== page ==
Figure 4: Following the flame front.
Initially, all particles are going to be marked as fresh air particles. Then, following the resolution of the combustion model for that particle position in a cell they get to be marked as flame particles or not (based on the dimensional mass fraction of the reactants Y). To find the flame front, we must analyze each of the particles on a gas cell adjacent to one or more free cells in comparison to the particles on the free cells (Figure 4), to obtain a implicit representation of the flame front�s surface. This approach not only will simplify the application of the flamelet model but also suggests a direct method for visualizing the flame surface.

4.3. Interaction With Objects

The interaction with objects on the scene is taken into account automatically since we use the octree-representation of the scene as boundary conditions for the simulation. As explained before for each cell we define the fuel quantity and the mass of reactants, this is done for each cell of the simulation. For the specific case of the cells belonging to a solid object we give the values corresponding to the object�s burning properties like specific heat, fuel quantity and reactants mass based on the objects inflammability. It is possible to define a fuel map on the surface of an object in a similar way as applying a texture and use this fuel map in combination with the objects properties to initialize the cell values. Note that we don�t model the changes of geometry caused by the burning process. As an example in the Figure 3 the voxels corresponding to the chicken are possible smoke sources, and the ones belonging to the logs and coal are identified as flammable.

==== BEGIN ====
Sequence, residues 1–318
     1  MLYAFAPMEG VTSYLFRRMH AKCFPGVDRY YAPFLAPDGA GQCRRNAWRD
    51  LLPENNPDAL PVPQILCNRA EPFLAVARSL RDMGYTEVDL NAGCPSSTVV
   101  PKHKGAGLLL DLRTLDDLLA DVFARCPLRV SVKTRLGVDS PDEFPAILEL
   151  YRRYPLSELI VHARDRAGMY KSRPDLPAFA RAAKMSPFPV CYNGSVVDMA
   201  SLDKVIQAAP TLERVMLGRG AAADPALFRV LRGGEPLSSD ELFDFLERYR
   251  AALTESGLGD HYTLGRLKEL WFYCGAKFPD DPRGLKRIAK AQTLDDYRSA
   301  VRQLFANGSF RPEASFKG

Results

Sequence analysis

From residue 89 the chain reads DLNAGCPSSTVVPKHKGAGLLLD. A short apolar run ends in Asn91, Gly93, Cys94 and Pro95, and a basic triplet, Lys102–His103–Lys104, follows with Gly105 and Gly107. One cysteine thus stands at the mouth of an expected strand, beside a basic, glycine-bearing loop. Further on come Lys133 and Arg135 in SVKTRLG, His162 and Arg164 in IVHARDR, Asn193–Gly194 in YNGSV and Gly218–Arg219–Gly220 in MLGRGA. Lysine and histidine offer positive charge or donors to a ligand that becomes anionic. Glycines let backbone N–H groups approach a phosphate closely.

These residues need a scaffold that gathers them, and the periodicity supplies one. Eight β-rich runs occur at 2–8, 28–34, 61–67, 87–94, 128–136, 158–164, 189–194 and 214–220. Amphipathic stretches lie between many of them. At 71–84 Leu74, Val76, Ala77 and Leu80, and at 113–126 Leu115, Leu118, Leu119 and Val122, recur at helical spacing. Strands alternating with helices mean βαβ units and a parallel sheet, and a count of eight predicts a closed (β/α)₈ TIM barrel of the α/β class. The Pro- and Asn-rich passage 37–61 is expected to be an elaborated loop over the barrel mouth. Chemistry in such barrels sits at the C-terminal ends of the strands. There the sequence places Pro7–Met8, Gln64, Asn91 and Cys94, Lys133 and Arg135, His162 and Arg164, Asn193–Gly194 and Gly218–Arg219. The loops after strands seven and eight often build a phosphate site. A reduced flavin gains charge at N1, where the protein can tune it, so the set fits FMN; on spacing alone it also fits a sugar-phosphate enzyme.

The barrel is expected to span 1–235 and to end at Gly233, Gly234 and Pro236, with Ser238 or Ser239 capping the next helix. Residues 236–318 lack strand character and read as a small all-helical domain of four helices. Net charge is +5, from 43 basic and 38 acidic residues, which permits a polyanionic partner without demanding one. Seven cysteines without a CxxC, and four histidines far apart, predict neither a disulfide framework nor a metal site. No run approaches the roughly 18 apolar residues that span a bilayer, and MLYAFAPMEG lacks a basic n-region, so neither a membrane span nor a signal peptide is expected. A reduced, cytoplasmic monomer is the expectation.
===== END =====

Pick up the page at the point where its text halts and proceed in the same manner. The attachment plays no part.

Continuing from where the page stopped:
4.4. Flame Generated Smoke

One of the most identifiable secondary effects of turbulent combustion is the generation of smoke as some burnt gas particles of the flame start to cool down. Unfortunately to our knowledge no definite analytical models of this phenomena exists. To model the creation of smoke we use the set of particles used to track the flame front as the sources for the smoke density using a method similar to the one proposed by Stam in [22]: If for a given particle the mass fraction of reactants Y is between a given threshold and is below a given temperature Ts, this particle can be used to define a smoke source for the time it continues to fill in the given conditions, the source term for the smoke density is then a function of the Particle Temperature and density of that flame particle rflame (which is directly related to the mass of the reactants per unit of volume):